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Enzerink GS: The great subjects merit more attention

After watching the first Harry Potter film once again, a friend remarked that he wished all libraries had "a badass Restricted Section full of secrets and mysteries to be solved." His sentiment is certainly not unique — who wouldn't want to be the next Harry, stumbling upon references to something as groundbreaking as a life elixir? But the idea that this site of discovery is as fictional as its on-screen surroundings is erroneous. Brown has these libraries, restricted sections included. The only problem is that students don't seem to find them. Both the John Carter Brown and the John Hay libraries are testing online initiatives, such as newsletters, to increase awareness of their collections. They shouldn't have to: Libraries are an invaluable component of the University's knowledge capital, and it should be self-evident that students should use and explore these resources to the fullest.

The Graduate School's introduction days emphasized the importance of creating knowledge rather than simply absorbing it. Many incorrectly associate libraries with the latter type of study. The expansive and balanced collections indeed provide students with a solid base of secondary scholarly works, but these serve only as building blocks. It is what you do with the knowledge presented to you that counts. Many courses, especially in the humanities and in the Graduate School, include components that allow students to set up their own research essays or projects. This is where the libraries come in.

Original research is one of the most obvious ways to generate new information in a meaningful way. Many of the University's special collections contain materials that have remained relatively unexplored and that offer viable ground for interdisciplinary and transnational approaches to history. The John Carter Brown Library is a case in point. While the collection will be of most interest to those in the humanities, the "great subject," as John Carter Brown himself called Americana, merits exploration by all students. The library is a hub of knowledge about the Americas from the 15th century through 1825. As Kim Nusco, reference and manuscript librarian at the John Carter Brown Library, explains, "Within that chronological and geographical focus, the material covers just about every aspect of human activity: exploration, navigation, natural history, anthropology, medicine, travel accounts, trade, literature, government, linguistics, religion, et cetera."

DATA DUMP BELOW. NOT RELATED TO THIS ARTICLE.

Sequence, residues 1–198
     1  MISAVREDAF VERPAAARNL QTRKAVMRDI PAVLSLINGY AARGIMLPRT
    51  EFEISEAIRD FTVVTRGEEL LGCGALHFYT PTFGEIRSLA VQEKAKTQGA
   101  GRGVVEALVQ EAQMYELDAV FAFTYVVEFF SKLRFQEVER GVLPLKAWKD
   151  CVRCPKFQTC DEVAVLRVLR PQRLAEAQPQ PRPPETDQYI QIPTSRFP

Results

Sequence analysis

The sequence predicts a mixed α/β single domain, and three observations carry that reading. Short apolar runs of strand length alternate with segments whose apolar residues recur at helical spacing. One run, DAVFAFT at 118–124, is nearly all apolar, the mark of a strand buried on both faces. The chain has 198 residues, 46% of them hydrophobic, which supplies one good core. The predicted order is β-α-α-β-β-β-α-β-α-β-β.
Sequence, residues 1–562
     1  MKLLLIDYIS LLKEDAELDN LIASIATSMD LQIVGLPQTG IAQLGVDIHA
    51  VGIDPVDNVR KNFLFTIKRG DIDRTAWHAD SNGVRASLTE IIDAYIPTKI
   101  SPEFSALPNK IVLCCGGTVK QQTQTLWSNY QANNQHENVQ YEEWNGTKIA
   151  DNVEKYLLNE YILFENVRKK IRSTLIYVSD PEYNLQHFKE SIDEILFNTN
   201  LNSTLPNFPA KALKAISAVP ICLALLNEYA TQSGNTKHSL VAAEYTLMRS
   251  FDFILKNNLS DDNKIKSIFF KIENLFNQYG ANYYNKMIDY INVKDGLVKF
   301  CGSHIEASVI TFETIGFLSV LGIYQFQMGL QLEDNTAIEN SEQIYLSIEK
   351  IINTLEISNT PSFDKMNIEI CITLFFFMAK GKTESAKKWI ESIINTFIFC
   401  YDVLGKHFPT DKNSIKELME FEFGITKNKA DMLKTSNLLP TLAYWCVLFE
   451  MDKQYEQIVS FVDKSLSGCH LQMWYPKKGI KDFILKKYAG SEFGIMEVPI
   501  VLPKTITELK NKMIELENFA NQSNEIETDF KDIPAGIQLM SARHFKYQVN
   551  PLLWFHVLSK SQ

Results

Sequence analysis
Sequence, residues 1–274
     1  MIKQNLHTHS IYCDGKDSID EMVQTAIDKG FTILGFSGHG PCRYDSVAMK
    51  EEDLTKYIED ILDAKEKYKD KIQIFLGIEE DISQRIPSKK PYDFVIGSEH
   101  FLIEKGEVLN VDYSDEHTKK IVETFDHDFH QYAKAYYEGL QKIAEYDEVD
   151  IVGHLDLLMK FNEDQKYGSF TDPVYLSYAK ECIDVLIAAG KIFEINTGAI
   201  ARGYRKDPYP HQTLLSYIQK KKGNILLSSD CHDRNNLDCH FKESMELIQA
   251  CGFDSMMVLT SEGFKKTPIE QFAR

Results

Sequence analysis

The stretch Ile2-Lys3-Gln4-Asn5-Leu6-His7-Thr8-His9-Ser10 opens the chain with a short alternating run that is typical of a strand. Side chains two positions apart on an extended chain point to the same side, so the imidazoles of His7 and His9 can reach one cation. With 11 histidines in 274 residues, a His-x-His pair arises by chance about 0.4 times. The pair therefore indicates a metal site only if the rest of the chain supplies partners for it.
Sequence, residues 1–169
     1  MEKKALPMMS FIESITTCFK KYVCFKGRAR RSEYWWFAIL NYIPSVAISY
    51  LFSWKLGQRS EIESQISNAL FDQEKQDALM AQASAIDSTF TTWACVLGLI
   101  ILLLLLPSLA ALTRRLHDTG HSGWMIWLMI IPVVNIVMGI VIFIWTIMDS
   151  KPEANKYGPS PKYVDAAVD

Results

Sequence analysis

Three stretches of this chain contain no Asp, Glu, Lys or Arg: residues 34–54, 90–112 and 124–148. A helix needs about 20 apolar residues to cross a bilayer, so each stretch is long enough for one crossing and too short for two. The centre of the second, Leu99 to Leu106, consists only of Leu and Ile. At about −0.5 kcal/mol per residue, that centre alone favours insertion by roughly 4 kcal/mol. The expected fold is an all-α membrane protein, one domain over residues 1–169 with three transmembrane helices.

Especially with the transnational or hemispheric turn in academia, this accumulation of materials from a variety of disciplines and international contexts in one building provides unparalleled opportunities. It is an illusion to think that the U.S. or other countries can be understood or studied in isolation, and the library's collection opens up possibilities for interdisciplinary as well as hemispheric research. While John Carter Brown could never have predicted this state of affairs 150 years after his hobby of book collecting started to intensify, the outcome is particularly fortuitous for Brown.

Though for departments of physical sciences the creation of knowledge will naturally also involve practical experiments in a lab, the idea that libraries cater mainly to a humanities audience can be easily debunked. The John Hay is opening an exhibition titled "Unveiling Secrets: The Evolution of Modern Chemistry" Sept. 30, which will draw heavily from the library's history of science collection. It also has a first edition of Newton's "Principia" on display. Both reflect the myriad collections available at the Hay that are of interest to those in the sciences, while the library is also strong in literature, history and culture.

User restrictions, though often cited as a reason to avoid the special collections at the John Carter Brown Library, no longer apply. With two forms of photo identification and a reference from an instructor, the restrictions are lifted and the library is all yours to explore. Since very few professors here share Professor Snape's opposition to individual initiative, the reference should not be too hard to come by.

With materials increasingly available online and indexed in Josiah, vast amounts of knowledge are only a mouse click away. It is thus surprising how little awareness there is of the possibilities on campus. I'm not speaking from my high horse, because my introduction to the libraries too was a happy accident. In testament to their international renown, it was through Professor Wil Verhoeven at my home university of Groningen that I first learned about the John Carter Brown Library and the Hay, years before I would come to Brown. And if people are willing to cross oceans to use its resources, the very least we can do is cross the Main Green.

Suzanne Enzerink GS is a master's student in American studies from the Netherlands. She urges you to capitalize on your advantageous geographical locations by contacting and



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